Django Unchained (2012)

Gorgeous poster, though probably not in the category of previous Tarantino films.  Argue about that.

Gorgeous poster, though probably not in the category of previous Tarantino films. Argue about that.

Directed by: Quentin Tarantino (we could argue over what his “best” movie is, but the safe bet will most likely always be Pulp Fiction)

Written by: Tarantino

Starring: Jamie Foxx, Christoph Waltz, Leonardo DiCaprio, James Remar, Kerry Washington, Laura Cayouette, Walton Goggins and Samuel L. Jackson.  Also, check the tags for many actors that basically filmed cameo roles.

What it’s about: in 1858, a former slave becomes a bounty hunter and searches for his wife

B-Movie Alternate Title: It’s a pretty B-Movie title already

Movie Mash Up: Inglourious BasterdsTombstone + probably hundreds of blaxpoitation movies that Tarantino has watched

What I liked: I have to admit, Jamie Foxx ruled in this movie, and I hate having to say that.  Tarantino wrote such a great character in Django, and knew exactly how he wanted the character to appear and succeeded on all levels.  I would argue that Christoph Waltz deserves to be nominated in the Best Actor category, rather than the Supporting Actor category for his performance in this movie, but whatever.  It is a fun movie, dealing with some super serious themes, and it may be Tarantino’s funniest movie yet.  Argue some more about that too, if you want.  The movie looks gorgeous, and flows fairly well (see below), so well that at points it doesn’t exactly feel like a near three hour-long movie.  DiCaprio was amazing in it as well, particularly the scene in which he actually accidentally cuts open his own hand, bleeding profusely all over himself, and continues acting.  Don’t know how Kerry Washington felt about having his blood smeared all over her face, though.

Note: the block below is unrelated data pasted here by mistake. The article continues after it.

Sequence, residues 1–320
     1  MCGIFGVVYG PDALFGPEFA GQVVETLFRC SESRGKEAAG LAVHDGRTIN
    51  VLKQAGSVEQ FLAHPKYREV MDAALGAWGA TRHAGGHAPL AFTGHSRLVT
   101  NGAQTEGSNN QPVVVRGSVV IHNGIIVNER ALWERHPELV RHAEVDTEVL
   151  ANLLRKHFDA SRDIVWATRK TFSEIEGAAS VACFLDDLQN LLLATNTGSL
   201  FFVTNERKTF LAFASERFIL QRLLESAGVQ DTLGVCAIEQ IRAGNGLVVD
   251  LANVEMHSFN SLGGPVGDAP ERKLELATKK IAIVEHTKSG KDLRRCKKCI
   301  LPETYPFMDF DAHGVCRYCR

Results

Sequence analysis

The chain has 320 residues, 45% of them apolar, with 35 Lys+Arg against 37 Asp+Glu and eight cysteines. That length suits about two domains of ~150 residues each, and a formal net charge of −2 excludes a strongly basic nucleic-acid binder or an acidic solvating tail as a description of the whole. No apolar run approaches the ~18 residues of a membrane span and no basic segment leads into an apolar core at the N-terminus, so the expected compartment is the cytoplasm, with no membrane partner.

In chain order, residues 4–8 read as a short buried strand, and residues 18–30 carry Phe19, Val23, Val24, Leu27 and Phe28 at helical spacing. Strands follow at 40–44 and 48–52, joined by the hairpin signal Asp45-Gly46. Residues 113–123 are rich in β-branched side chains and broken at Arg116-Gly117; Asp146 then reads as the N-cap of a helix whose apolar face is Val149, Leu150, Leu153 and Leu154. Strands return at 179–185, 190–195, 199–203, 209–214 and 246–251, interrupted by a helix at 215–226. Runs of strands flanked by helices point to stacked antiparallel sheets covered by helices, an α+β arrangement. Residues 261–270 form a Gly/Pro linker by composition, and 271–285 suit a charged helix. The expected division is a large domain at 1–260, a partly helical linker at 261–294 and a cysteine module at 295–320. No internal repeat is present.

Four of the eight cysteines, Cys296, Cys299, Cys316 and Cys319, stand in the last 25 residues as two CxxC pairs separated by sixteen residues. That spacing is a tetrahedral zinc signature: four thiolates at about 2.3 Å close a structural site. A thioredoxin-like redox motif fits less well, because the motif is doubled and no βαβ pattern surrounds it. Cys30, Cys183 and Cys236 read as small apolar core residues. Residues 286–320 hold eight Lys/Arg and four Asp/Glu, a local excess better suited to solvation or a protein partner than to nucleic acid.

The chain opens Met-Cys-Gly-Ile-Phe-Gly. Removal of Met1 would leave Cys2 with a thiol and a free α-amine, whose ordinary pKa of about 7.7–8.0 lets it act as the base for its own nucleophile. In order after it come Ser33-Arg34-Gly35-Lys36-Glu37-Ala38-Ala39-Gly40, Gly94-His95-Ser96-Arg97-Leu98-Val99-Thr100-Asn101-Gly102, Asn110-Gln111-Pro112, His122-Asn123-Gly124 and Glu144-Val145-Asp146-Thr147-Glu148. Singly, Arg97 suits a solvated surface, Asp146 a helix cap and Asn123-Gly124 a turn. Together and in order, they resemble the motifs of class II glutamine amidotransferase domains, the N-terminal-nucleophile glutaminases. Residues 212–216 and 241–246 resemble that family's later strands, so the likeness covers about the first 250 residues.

What I disliked: The running time of nearly three hours is fairly daunting, Tarantino movie or not.  You could make arguments about trimming the fat and lessening the homages to whatever obscure movie Tarantino was referring to with whatever camera angle or sound cue, but you don’t have the same movie then.  I consider myself a fairly knowledgeable movie fan, but I probably don’t know half of the references Tarantino is making, even in regards to certain actors and actresses he ends up casting for whatever reason.  There were some scenes throughout that I thought were misplaced or came from some wacky sitcom script (the Jonah Hill cameo scene springs to mind), and while they weren’t terrible, they did put me off a little.

Would I recommend it to anyone?: While it is pretty great, the exceedingly long running time and excessive (but totally in context) usage of the word “nigger”, probably means it isn’t for everyone.  Tarantino fans will eagerly lap it up, though.

Rating: 4.5 / 5

I am surprised this .gif hasn't been Hasslehoff'd.

I am surprised this .gif hasn’t been Hasslehoff’d.


J. Edgar (2011)

Sometimes I sit down to write these things and have no idea where to take them.  I know how I feel about the movie, at least in a ranking sense, but I don’t know really how to equate that to words.  Well, maybe fully formed interesting sentences would be a better descriptor.  Clint Eastwood’s J. Edgar is a biopic of J. Edgar Hoover (Leonardo DiCaprio), Director of the FBI and the man most instrumental in turning the FBI into a world class crime fighting organization.  As well as Big Brother.

The acting is fairly good to great all around, although there is a tendency by DiCaprio to sort of devolve into tics to either remind himself or the audience that HE IS J. EDGAR HOOVER.  However, the storyline of the movie plays out in a somewhat flashback format, allowing us to see the major players at various crossroads in their lives.  Hoover and his co-worker/possible life partner Clyde Tolson (Armie Hammer) are shown as bright young men, and then doddering old men, in various levels of plastic make-up.  It’s disconcerting at best, laughable at worst.

There are numerous name actors throughout the picture, and despite what IMDb says, I swear that’s Gerald McRaney as the judge in the Charles Lindbergh’s (Josh Lucas) baby kidnapping trial.  Stephen Root gives probably his most serious performance ever, and hell, I didn’t even know it was Naomi Watts as Hoover’s personal secretary, Helen Gandy, until I saw the cast list.  I don’t know whether that’s a compliment or a damning indictment of the make-up.

Ultimately, J. Edgar feels like it wants to be one of those prestigious biopics that garner numerous awards and accolades.  It rings a bit hollow, which is unusual for an Eastwood picture.  I liked it, and though I’ll probably never watch it again, it is a historically significant portrayal of a man that really did change the world, and should be watched by many.

4 / 5